The Canonization of the Bible

The Canonization of the Bible
There are many gospels that are not included in the Bible. The Bible was never "one book". The process of putting together the Bible is known as "canonization" and is well documented. Back in the 100s and 200s, books were written on "scrolls" - long parchments wrapped around a central core. These scrolls could be 35' or more in length. After 200, works were put into Codexes, individual pages bound together, for ease of reading. Which of these scrolls and codexes were included in the "official Bible" varies from group to group. For example, many religions believe in the "Old Testament" - but the Jewish version has the books in a different order than the Protestant version. The Eastern Orthodox religion includes books that the others do not.

The Samaritans only recognize five books in their Bible. The Ethiopian Orthodox church has 81 books in its Bible. The Syrians have 22 books in their Bible, while the Roman Catholics and Protestants have 27 books.

Dan Brown's error in this case is that there are NOT 80 non-canonical gospels! Sure, we just discovered a few more gospels in the last century which is rather amazing after 2000 years. But most researchers agree on a total gospel count of about 35.

Translation Issues

Not only are there different books, but there are different translations. The various books were written in "ancient tongues" that even now we do not necessarily fully understand the nuances of the languages. So when we then turn these books into English or French or other modern languages, we can easily mis-interpret or put a different shading of meaning on what they say. The books of the Old Testament were written in Hebrew and Aramaic. The New Testament books were done in Greek. And we don't even have the "original" of these books - we have copies made by monks. So we are relying on those monks to have copied correctly.

For example, in Greek, the word pistis can either mean "faith" or "believe". So depending on who translated it, that word might show up differently in English. The Greek word dikaiosune can either mean "just" or "righteous". Again, whoever translates that word must choose how to be turn it into English to make the sentence read well. The Greek word "logos" can mean: speech, message, account, statement, saying, phrase, word. That's a lot of meanings to choose from, when making an English version!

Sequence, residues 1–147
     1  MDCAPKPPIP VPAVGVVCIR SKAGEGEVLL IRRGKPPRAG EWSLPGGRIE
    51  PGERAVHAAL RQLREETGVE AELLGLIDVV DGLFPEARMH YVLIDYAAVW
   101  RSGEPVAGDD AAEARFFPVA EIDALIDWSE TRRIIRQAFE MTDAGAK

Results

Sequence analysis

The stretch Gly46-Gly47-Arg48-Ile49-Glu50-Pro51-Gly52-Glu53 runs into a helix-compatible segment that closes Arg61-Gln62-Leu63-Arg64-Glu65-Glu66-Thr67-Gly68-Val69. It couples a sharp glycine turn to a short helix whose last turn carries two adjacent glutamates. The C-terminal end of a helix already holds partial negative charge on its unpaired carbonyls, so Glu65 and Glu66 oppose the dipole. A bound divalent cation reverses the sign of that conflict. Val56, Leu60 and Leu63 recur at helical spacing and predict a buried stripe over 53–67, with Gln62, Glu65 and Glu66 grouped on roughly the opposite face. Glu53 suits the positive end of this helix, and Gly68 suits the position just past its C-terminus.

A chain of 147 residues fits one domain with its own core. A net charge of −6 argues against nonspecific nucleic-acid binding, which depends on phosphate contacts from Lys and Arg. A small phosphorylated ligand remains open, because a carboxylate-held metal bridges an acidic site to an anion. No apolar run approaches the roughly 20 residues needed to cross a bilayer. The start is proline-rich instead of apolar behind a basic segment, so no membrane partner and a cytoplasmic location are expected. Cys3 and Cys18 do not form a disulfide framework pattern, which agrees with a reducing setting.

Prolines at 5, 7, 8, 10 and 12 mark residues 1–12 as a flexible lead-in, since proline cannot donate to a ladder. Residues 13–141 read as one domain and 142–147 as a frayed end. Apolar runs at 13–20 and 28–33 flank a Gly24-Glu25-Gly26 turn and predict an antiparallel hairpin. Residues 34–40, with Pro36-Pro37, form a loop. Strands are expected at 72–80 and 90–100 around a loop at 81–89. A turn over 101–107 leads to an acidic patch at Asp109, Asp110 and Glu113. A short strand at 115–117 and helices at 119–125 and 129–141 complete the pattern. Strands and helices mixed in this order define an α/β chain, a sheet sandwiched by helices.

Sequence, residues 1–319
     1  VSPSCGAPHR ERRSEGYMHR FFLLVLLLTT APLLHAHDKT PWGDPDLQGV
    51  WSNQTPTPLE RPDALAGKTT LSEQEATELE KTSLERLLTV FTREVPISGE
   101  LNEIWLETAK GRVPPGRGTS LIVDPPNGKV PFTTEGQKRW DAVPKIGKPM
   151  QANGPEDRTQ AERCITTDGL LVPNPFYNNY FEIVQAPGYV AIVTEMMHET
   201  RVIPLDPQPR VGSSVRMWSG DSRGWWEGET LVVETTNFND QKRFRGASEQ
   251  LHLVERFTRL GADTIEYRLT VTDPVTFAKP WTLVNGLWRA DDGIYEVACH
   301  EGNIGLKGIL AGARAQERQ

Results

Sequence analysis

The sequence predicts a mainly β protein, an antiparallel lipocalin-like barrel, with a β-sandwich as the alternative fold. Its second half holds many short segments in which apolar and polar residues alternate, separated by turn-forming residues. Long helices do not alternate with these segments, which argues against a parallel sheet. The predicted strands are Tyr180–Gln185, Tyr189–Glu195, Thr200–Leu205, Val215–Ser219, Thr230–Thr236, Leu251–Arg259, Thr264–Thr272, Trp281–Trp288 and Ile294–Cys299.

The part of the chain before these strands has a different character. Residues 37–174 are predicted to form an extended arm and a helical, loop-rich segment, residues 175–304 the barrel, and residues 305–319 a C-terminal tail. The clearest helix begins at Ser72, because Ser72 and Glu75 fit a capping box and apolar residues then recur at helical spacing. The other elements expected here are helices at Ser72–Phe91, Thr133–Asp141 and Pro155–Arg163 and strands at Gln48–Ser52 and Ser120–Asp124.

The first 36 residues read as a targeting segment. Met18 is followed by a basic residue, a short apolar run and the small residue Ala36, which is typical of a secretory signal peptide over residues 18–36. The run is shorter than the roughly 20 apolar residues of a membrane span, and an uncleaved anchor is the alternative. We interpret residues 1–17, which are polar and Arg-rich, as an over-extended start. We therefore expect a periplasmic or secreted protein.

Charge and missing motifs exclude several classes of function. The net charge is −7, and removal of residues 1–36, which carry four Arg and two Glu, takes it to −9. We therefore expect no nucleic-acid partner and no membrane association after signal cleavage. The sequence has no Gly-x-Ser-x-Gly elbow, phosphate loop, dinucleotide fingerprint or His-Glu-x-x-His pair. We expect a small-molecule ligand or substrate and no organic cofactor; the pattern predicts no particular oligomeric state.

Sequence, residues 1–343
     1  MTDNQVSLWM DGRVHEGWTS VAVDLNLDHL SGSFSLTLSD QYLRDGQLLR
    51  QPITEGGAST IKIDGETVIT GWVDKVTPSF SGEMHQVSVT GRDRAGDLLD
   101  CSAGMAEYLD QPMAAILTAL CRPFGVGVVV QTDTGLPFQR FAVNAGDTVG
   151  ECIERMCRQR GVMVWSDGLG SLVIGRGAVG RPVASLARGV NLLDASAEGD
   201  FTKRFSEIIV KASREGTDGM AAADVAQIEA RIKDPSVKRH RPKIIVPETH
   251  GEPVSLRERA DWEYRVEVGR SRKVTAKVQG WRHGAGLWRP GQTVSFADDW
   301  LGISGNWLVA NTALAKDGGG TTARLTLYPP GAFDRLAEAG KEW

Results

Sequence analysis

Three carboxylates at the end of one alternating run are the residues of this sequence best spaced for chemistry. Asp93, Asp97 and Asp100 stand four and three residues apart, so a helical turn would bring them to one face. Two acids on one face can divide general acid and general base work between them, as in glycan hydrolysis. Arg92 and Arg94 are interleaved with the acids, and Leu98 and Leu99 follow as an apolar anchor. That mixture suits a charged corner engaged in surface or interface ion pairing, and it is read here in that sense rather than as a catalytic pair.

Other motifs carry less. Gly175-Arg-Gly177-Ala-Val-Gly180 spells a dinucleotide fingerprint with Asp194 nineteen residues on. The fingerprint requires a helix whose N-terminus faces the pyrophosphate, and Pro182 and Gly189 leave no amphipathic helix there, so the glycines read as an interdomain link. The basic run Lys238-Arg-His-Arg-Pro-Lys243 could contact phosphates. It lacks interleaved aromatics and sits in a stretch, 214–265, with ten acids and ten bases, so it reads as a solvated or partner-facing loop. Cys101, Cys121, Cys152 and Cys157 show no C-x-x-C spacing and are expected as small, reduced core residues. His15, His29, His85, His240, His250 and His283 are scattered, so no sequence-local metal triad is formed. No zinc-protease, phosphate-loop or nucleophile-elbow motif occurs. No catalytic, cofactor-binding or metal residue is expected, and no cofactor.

On the other hand, sometimes translators try to add meaning by choosing words not necessarily called for. The Greek word for "messenger", for example, is sometimes turned into "angel" when written in English. Maybe the messenger WAS an angel - but that's not what the book says. It simply says a MESSENGER came.

Also, many of the books were written in poetry style, or to go with the tunes of popular songs of the day to make them easy to remember. There were metaphors used that work in the original language. So translators have to try to translate the meaning *and* the rhythm of the words which is really hard. Think of the classic saying "how much wood could a woodchuck chuck if a woodchuck could chuck wood?" It is cool in English, but if you turn it into French, the French would wonder why the phrase is interesting. It would lose its rhythm and similar-sounding words.

In the same way, at one point John the Baptist says "God is able to raise up children for Abraham from these stones!" That seems pretty meaningless to us in English. But in Aramaic, the word for children is "banim". The word for stones is "abanim". He was making a play on words that his audience would easily remember.

Finally, as an interesting point, Christ is NOT the last name of Jesus. Christ is simply the Greek word for "Messiah". When the Bible's books were written in Greek, they were simply saying "messiah" when they said Christ. However, when that same word "Christ" was brought over into English instead of properly being translated as "messiah" in our language, people got confused.

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